Article 7A of the Real Property Actions and Proceedings Law (RPAPL) allows at least 1/3 of the tenants in the building, or the New York State Department of Housing Preservation and Development (HPD) to ask the court to appoint an administrator to run the building in place of the owner, when there exists for at least 5 days any of the conditions listed in the RPAPL. For further information, you may refer to RPAPL sec. 770(1).

70. Grounds for the proceeding

1. One-third or more of the tenants occupying a dwelling located in the city of New York or the commissioner of the department of the city of New York charged with enforcement of the housing maintenance code of such city, or in the counties of Nassau, Suffolk, Rockland and Westchester may maintain a special proceeding as provided in this article, upon the ground that there exists in such dwellings or in any part thereof a lack of heat or of running water or of light or of electricity or of adequate sewage disposal facilities, or any other condition dangerous to life, health or safety, which has existed for five days, or an infestation by rodents, or any combination of such conditions; or course of conduct by the owner or his agents of harassment, illegal eviction, continued deprivation of services or other acts dangerous to life, health or safety.

2. If the proceeding is instituted by the commissioner of the department of the city of New York charged with enforcement of the housing maintenance code of such city, one-third or more of the tenants may, at any time thereafter during the pendency of the proceeding or after final judgment pursuant to section seven hundred seventy-six or seven hundred seventy-seven of this article, petition for substitution of themselves in place and stead of such commissioner of such department. Such substitution shall be ordered by the court unless good reason to the contrary shall be shown.

RCR Management: Squatters, Teen Vandals at Bayside Manor

As published in the Queens Courier, October 4, 2012:

Squatters, teen vandals trespassing in Queens development
By Melissa Chan

A quiet Bayside development has become the target of illegal trespassing after building management refused to put locks on basement doors that welcome homeless squatters and a band of teenage vandals, residents say.

“It’s the craziest thing. I’ve been in this community for 53 years. I don’t think I’ve ever had to deal with something like this,” said Bayside Manors resident Jack Oshier, 67. “We don’t have problems like this in Bayside.”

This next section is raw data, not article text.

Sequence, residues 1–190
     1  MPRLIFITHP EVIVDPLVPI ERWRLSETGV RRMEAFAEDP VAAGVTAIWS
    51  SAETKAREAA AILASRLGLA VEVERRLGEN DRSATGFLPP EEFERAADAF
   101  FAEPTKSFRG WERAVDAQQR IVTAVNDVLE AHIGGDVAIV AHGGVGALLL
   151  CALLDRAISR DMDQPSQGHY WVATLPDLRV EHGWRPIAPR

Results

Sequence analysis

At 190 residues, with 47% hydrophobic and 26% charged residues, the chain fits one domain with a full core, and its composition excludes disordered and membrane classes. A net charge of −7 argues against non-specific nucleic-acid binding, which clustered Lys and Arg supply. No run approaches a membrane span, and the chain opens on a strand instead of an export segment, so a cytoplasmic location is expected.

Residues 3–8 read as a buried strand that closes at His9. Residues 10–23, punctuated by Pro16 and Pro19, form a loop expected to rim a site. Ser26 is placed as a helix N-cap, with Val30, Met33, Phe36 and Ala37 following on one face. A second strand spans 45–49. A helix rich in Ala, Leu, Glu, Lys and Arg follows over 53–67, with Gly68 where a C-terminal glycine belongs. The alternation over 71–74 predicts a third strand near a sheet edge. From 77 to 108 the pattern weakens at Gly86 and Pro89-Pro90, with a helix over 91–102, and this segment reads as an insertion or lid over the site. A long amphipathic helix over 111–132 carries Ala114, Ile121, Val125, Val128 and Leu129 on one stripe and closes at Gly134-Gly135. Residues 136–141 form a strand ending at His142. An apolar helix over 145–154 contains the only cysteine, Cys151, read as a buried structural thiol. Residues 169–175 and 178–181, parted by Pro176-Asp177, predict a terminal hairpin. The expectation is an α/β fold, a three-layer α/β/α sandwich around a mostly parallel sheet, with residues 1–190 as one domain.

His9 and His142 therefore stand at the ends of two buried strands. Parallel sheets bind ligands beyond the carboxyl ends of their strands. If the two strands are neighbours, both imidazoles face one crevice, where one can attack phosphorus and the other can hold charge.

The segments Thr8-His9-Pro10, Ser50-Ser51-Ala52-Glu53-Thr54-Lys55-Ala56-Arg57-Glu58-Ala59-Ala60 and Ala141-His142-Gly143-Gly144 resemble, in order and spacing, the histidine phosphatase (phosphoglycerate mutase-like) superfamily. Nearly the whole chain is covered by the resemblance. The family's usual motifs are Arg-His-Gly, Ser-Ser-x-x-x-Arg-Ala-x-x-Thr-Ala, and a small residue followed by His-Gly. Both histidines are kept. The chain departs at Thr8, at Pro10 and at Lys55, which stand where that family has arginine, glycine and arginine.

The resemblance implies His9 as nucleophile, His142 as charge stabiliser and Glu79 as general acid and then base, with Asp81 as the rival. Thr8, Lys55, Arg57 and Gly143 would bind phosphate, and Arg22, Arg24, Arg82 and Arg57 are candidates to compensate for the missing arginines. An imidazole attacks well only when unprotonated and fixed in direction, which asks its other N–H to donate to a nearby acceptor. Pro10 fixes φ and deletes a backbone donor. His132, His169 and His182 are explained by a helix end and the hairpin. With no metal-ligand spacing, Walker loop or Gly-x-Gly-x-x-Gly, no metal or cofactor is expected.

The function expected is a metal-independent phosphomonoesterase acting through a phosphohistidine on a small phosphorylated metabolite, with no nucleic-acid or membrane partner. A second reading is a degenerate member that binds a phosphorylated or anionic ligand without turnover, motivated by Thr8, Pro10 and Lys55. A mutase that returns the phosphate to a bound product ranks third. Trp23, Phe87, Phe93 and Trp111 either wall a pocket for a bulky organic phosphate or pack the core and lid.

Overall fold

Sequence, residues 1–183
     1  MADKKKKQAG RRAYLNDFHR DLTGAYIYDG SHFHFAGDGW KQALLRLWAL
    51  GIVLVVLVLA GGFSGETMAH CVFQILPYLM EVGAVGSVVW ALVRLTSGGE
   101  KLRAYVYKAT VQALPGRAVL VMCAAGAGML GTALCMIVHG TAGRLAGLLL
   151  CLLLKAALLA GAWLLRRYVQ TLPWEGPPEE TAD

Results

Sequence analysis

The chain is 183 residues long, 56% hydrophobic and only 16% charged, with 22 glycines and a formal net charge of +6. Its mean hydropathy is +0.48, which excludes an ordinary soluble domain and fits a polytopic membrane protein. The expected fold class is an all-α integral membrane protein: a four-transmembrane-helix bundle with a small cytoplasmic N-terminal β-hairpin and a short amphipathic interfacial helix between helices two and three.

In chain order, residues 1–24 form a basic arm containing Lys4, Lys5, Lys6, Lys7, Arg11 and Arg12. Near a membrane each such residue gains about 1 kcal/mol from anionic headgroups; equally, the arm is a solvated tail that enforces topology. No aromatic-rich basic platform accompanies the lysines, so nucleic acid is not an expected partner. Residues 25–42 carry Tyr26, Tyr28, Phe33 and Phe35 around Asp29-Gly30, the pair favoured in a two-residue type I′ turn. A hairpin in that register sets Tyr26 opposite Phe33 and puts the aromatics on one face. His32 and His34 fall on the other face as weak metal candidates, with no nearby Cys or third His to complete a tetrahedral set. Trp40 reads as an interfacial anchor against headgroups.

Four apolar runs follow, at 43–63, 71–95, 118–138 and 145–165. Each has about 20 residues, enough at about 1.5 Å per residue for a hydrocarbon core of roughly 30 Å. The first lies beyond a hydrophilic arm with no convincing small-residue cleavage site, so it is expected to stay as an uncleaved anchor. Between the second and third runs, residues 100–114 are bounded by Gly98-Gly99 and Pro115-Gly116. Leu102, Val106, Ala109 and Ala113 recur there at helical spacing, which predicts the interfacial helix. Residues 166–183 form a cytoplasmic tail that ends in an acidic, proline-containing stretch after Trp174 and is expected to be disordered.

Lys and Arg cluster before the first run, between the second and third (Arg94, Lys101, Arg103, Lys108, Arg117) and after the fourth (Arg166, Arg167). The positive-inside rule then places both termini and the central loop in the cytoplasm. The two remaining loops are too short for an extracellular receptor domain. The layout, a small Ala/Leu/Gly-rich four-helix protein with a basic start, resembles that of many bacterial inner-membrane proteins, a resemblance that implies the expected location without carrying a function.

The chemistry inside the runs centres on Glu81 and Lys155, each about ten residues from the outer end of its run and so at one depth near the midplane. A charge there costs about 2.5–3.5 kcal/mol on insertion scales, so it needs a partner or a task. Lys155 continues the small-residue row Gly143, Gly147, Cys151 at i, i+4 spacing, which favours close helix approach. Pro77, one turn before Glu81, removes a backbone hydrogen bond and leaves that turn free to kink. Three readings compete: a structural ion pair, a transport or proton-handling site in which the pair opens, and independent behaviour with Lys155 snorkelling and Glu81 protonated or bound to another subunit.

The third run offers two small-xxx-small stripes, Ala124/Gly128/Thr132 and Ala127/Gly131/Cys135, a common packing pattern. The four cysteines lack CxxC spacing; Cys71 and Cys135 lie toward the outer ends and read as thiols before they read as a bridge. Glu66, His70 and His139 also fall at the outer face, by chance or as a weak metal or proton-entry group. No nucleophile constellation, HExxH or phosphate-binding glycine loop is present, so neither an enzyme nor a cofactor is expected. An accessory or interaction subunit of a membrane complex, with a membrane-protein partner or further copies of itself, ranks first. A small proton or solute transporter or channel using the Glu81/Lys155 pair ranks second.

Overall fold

According to Oshier, two basements in the apartment complex — located at 42-10 212th Street and 42-40 212th Street — have been facing major security issues since February, when residents learned their lower level laundry rooms had become guest houses for sleeping homeless people and a recurring group of at least 10 teenagers looking for a place to hang out and drink.

The nightly visitors, Oshier said, do not even have to break in, since they freely enter and exit through the unlocked basement doors left ajar every hour of the day.

The basements are not connected to the residential sections of the building, but residents say they are still scared to venture down at night in fear of running into an intruder.

“I don’t go at night once it gets dark, and I do all my laundry early in the morning,” said resident Debbie Sindicic. “But that’s when I find all the remnants of the night before.”

Sindicic, who has found small, empty plastic baggies lying around the basement floors, said she suspects the crashers are smoking marijuana.

Oshier said he sees the same homeless man leaving the 42-40 212th Street basement every morning and has picked up empty beer cans strewn around the basement rooms in the other building. Residents have also allegedly spotted the teens engaging in sexual activity at times, he said.

Still, officials at WPH Apartments Inc., which manages the buildings, have not lifted a finger to fix the problem, Oshier said.

“This situation has turned almost criminal,” he said. “Suppose someone gets hurt? What if someone follows a tenant into the laundry room? The majority of residents here have an animosity toward the situation because management here has a very casual attitude about what is happening.”

Management did not return calls for comment, but in a February 24 letter sent to Assemblymember Ed Braunstein, managing agent Ohad Badani promised to lock basement doors each night at 8 p.m. and to instruct staff members to inspect the laundry rooms for loiterers periodically throughout the day.

“Furthermore, in the coming months, we intend to install new building entrance doors. Once the installation of the entrance doors is completed, we will look into installing the same locks on the laundry room doors,” Badani wrote.

But more than half a year later, residents and Braunstein’s office say none of those changes have been implemented.

“It creates a dangerous element around the building,” said David Fischer, Braunstein’s chief of staff. “This is a situation where the building doesn’t seem to care about the safety of its residents.”

The 111th Precinct is “currently attempting to work with property managers to enforce trespass laws,” according to Community Affairs Officer Bill Conway. But unless building administration signs off on a trespass affidavit, police cannot make arrests, he said.

“We want it fixed,” Oshier said. “It just doesn’t make sense. What is the big deal about putting the proper security lock on a door?”